So you and a few of your friends decide it would be cool write a short screenplay and make a movie. It is a fun idea that you guys feel you can get together in a few weeks. But as you start to research all that goes into making a movie, you find out that casting professional actors that are part of the Screen Actor’s Guild (SAG) require a written agreement between the producers of the movie and the guild, even for a very low budget short film.
Suddenly your zippy idea to make a movie feels a lot more cumbersome. It looks like a lot of paperwork and jumping through a lot of hoops… Why should I do this? How does this benefit me and my movie? And how do I do this?
I am here to say that there are pros and cons to making a SAG-Signatory project and this article is here to be your guide, if you should chose to go forth with a SAG-Signatory agreement for your project.
Why I Am The Best Person To Write This Article
Before we get started in the nitty-gritty pros and cons of making a SAG-Signatory project, I want to tell you why I feel that I am in a unique position to provide a balanced answer to this position for the independent movie producer.
Before I was a director/producer, I started as an actor and have worked in the industry as a non-union actor.
Currently, I am a union actor who has requested I NOT be in proper standing with the union.
I have chosen this because I produce little projects all the time and am always on camera and I don’t want to restrict that.
I put myself on camera all of the time and post it to YouTube and other places on the Internet.
These are all quickly produced projects where I am the solo producer, director, actor, cinematographer, editor, VFX artist, etc and if I returned to being in proper standing with SAG and wanted to be legit with all of these impromptu projects, I would have to make a contract every time I make a video about a cool permaculture park I found or how I like to wear organic clothes.
Many of these projects were made on the fly and to block that because of union regulations seems like a terrible shame.
Even worse, what if I made a bunch of little YouTube videos about travel or environmentalism and started making money through Patron or sold it as an educational course on my website? I would be forced to hire a payroll company and pay them to pay me.
How stupid is that?
If you listen to advice from actors about this topic, they will likely tell you their opinion based on their status with the union and will push you toward whatever status they hold.
But as someone who has been acting and producing for years, and on the fence, weighing the pros and cons of whether to become a proper-standing member of SAG, I feel that I have spent a long time looking at both the upside and downside, not just as an actor, but as a producer as well.
Additionally, I have lived in a lot of places, from the entertainment industry centers of New York and Los Angeles, to the rural desert of Arizona, and have produced movies in all of these places.
The location has a lot to do with this decision. The budget has a lot to do with this decision.
Currently, I am producing a movie in New York and we are going with SAG-Signatory actors, and I will explain why later in my next post, but we are going to start with why, for most of my career, I have chosen to make non-union projects.
First, looking at the timeline of my career, I went from making a few short projects that inspired me, to being a student, to producing solo projects (mostly animation and documentary).
As I have mentioned many times on this site, my first project was produced because I was in a one-month class called Flash Forward in Los Angeles and was meant to be a big leap in my career, which it was, In addition to being in front of the camera as an actor, I also started working behind the camera as a director and producer.
I ended up casting a lot of my friends in the project, none of whom were SAG at the time.
Also, I wouldn’t have been able to finish up my paperwork in 1 month at that time because back then the SAG agreements were much more cumbersome.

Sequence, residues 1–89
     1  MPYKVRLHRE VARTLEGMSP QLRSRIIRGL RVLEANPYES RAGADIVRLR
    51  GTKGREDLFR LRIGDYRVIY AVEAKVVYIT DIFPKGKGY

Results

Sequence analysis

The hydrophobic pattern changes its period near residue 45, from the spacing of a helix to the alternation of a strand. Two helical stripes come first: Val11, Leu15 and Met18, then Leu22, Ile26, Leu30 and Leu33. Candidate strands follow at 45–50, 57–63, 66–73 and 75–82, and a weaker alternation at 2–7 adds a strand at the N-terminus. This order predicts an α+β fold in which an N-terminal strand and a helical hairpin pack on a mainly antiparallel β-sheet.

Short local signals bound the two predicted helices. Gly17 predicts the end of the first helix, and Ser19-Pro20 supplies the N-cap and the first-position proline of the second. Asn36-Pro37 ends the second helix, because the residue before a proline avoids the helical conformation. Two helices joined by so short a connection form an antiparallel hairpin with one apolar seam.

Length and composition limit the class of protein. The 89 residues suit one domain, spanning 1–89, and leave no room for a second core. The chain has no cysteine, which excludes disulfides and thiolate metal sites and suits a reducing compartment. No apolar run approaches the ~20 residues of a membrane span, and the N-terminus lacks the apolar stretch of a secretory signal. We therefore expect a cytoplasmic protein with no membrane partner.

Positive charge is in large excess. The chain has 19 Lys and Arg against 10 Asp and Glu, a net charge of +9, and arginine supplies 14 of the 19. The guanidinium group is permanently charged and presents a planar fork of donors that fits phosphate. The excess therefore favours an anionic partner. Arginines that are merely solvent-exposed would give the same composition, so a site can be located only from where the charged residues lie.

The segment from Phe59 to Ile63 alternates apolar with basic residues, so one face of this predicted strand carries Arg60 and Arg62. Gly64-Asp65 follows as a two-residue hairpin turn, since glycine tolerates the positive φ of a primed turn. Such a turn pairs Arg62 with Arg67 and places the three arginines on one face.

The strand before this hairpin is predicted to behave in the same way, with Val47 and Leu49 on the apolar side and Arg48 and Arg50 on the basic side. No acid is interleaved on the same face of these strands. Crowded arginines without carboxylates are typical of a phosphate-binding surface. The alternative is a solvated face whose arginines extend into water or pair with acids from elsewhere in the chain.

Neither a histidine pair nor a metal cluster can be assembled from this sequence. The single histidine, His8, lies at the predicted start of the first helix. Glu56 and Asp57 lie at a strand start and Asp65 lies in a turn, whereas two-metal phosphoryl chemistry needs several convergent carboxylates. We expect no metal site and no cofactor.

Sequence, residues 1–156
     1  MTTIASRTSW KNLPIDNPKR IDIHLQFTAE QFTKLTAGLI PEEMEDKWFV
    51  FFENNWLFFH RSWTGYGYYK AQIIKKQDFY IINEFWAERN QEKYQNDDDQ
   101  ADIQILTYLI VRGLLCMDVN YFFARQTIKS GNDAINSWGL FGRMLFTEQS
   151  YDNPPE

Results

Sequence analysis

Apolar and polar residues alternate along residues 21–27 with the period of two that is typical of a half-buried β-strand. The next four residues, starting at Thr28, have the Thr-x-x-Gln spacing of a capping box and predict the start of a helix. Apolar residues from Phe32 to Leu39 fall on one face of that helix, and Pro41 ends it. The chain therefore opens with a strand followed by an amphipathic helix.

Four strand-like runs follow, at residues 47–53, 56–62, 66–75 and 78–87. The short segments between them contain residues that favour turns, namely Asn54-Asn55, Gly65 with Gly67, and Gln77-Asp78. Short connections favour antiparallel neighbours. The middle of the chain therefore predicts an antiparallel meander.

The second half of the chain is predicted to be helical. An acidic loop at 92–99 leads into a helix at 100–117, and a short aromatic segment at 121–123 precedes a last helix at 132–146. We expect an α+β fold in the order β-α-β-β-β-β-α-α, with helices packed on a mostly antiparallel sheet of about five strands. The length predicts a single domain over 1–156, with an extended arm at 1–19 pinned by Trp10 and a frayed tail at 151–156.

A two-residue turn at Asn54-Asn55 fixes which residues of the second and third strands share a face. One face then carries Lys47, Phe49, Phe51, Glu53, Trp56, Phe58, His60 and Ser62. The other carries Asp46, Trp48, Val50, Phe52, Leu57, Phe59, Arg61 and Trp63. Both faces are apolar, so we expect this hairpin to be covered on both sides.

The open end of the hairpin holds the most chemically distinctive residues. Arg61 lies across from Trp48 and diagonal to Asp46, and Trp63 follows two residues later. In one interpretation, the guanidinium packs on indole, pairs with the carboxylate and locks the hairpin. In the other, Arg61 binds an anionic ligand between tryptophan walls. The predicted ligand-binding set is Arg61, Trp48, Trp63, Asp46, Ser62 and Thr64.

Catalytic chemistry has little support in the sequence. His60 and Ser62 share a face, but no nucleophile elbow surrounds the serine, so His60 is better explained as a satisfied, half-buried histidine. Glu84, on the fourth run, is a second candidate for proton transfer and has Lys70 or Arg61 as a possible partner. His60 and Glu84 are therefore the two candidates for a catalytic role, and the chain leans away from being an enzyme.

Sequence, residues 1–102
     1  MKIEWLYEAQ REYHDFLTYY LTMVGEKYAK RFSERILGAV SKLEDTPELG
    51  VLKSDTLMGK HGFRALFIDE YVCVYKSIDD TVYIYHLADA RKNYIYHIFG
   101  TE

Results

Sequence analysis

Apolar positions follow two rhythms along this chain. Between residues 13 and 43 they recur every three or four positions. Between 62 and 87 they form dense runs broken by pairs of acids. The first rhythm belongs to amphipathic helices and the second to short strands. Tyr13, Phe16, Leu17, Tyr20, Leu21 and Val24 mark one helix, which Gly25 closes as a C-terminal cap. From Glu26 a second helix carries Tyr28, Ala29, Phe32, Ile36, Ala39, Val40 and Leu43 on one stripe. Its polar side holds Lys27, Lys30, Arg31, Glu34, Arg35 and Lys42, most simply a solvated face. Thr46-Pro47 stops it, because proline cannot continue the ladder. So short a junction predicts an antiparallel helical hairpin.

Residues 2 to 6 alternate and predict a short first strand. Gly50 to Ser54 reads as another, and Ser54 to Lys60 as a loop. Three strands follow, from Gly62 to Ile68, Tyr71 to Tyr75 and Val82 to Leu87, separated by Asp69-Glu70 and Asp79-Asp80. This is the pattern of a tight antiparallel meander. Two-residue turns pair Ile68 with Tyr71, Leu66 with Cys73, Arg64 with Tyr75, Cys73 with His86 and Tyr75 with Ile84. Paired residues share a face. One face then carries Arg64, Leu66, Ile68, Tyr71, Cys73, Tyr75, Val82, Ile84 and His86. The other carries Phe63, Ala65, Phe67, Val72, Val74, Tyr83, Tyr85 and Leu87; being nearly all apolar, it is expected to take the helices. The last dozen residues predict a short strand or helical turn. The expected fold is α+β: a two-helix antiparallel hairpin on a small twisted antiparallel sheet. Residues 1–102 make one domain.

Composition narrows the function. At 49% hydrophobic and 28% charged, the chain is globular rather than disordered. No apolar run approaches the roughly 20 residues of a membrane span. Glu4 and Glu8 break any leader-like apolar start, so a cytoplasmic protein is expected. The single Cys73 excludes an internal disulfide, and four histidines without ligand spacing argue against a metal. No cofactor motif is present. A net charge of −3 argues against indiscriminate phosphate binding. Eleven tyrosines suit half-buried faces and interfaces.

I should also note that I started directing and producing before everyone and their brother was a filmmaker so EVERYTHING was a lot more cumbersome at the time…
From the filmmaking technology to the costs of that technology, to finding the equipment, to video editing and file storage, to applying to film festivals…
All of it sucked. Seriously. It is so much easier now than even 10 years ago.
So it didn’t make sense to add that extra layer of time and complication to my little 1-day or 2-day movie shoot.
After my first project, I did a few more additional projects while I crewed on professional movie sets. This is when I let go of my participation in SAG (actually, I was with AFTRA but the unions merged in 2011)..
Then I went back to school and did radio and live broadcast news and VFX and was on the radio every week and on camera frequently. To this day I have no idea if I had been an up-to-date member of SAG-AFTRA if I would have been breaking some rules, but I am pretty sure I would have been, even as a student with student productions.
After all of this schooling, I returned to the stage as an actor, and have been doing voiceover for my animation and documentary movies, and for other people’s video games.
I attended a SAG signatory meeting in Los Angeles years ago, after I made my first movie. I got overwhelmed by the cumbersome complexity of it and decided not to go that route, even though I lived in Los Angeles which is like the center of the entertainment industry.
Since then, the SAG-Signatory regulations have become a lot less complicated and time-consuming.
Even though most of my career I have avoided making my projects SAG-Signatory, I attended another SAG-Indie meeting this month in New York and want to share what I learned and the legwork I have done to make my next project with SAG actors.
But before we get to that, I want to talk about the advantages to staying non-union because this website is oriented toward beginner indie filmmakers (if that’s you, check out my course!) and I feel that this is the information that is the most relevant to you.
Why You Should Make Your Movie With Non-Union Actors
Reason 1: Less Paperwork
The main resistance I have had to make SAG-Signatory projects is the mountain of paperwork that seems to go with the process.
It always seemed very complicated, and just 5 years ago it was. I attended my first SAG-INDIE meeting in Los Angeles over a decade ago, thinking that I wanted one of my little projects to be official, and after that meeting, I immediately changed my mind because it seemed like I would be spending all of my time filling out forms that made me “official”.
Plus, I didn’t need the affiliation because I had so many friends who were fantastic actors and not in the union.
Reason 2: Less Time or Not Enough Time